(CBS) A little exercise can do a lot for your heart. That's the message from Harvard researchers after a new study showed that as little as 2.5 hours of exercise a week can dramatically cut heart disease risk.
The U.S. Department of Health and Human Service recommends 2 hours 30 minutes of exercise per week. Researchers looked at 33 studies on exercise's benefits to see if working out for that amount of time reduced heart disease risk for the study published in the August 1 issue of Circulation. Their analysis found that 2 hours 30 minutes of exercise cut heart disease risk by 14 percent. Even people who exercised less than the recommended time allotment decreased their risk more than those that did nothing.
"The overall findings of the study corroborate federal guidelines - even a little bit of exercise is good, but more is better," Dr. Jacob Sattelmair, an epidemiologist at the Harvard School of Public Health, said in a written statement.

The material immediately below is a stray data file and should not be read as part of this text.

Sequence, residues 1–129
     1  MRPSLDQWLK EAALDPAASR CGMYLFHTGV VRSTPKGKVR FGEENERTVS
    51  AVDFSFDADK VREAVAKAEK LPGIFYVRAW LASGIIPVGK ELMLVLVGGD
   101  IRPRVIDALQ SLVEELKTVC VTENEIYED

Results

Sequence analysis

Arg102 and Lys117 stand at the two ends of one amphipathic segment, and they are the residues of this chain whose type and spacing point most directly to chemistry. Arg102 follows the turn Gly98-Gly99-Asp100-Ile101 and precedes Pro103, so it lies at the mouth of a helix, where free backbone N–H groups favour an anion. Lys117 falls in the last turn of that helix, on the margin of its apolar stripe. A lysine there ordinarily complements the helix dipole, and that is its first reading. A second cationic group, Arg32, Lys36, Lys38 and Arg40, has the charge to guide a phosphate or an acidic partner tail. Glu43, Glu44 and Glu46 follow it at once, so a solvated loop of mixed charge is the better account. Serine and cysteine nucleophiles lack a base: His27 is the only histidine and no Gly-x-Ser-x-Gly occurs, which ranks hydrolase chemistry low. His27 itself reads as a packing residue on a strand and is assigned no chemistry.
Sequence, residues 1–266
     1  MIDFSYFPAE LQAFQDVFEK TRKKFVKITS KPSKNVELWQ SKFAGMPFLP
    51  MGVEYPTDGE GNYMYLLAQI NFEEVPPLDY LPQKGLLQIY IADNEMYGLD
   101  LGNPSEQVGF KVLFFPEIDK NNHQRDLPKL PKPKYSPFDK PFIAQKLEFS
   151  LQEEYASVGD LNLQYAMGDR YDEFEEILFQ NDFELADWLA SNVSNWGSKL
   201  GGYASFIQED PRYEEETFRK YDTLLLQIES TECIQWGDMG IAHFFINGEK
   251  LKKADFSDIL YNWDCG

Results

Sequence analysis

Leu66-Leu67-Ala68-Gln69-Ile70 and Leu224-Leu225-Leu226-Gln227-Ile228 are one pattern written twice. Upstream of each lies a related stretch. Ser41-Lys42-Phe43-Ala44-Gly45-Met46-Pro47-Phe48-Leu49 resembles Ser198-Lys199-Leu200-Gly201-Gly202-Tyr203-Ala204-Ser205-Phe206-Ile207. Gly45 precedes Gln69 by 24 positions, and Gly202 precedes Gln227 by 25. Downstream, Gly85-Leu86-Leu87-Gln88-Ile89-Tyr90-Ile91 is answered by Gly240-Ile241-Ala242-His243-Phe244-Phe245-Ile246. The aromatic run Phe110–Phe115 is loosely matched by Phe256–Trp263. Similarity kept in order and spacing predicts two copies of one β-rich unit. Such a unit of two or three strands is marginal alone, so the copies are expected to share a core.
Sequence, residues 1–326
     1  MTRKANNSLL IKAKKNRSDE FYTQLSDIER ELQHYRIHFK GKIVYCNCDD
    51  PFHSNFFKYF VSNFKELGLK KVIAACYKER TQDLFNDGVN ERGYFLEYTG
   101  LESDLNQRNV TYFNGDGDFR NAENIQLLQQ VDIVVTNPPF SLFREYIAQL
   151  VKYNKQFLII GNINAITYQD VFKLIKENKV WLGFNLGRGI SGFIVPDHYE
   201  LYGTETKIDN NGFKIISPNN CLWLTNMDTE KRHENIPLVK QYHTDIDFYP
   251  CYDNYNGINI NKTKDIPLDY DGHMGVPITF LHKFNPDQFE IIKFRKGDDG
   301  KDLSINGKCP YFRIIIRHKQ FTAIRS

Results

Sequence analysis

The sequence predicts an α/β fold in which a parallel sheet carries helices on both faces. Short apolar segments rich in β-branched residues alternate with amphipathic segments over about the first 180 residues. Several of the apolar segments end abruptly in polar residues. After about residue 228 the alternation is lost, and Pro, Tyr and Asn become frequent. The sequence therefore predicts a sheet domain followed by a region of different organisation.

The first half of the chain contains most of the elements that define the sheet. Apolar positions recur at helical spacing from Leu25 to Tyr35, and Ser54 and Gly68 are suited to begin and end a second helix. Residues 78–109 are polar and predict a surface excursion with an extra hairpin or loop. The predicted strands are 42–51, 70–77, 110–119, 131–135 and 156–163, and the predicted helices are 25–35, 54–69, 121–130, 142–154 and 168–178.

How much better? Exercising for 300 minutes a week decreased heart disease risk by 20 percent, 750 minutes cut the risk by 25 percent. The protective benefit was found to be even greater for women.
The authors say this is the first study to quantify how much exercise is needed to cut heart disease risk.
"The biggest bang for your buck is at the lower ends of physical activity," Sattelmair told HealthDay. "If you went from none to 2.5 hours a week, the relative benefit is more than if you went from, say, 5 to 7.5 hours a week.
Heart disease is the number one killer in the U.S. taking more than 631,000 lives each year -one in four deaths. It's caused by plaque buildup in the coronary arteries which impedes blood flow, resulting in a potentially deadly heart attack.
Besides exercise, maintaining a healthy weight, eating a low-salt diet that's rich in fruits and vegetables, and not smoking are ways to reduce heart disease risk.
WebMD has more on exercise and heart disease.
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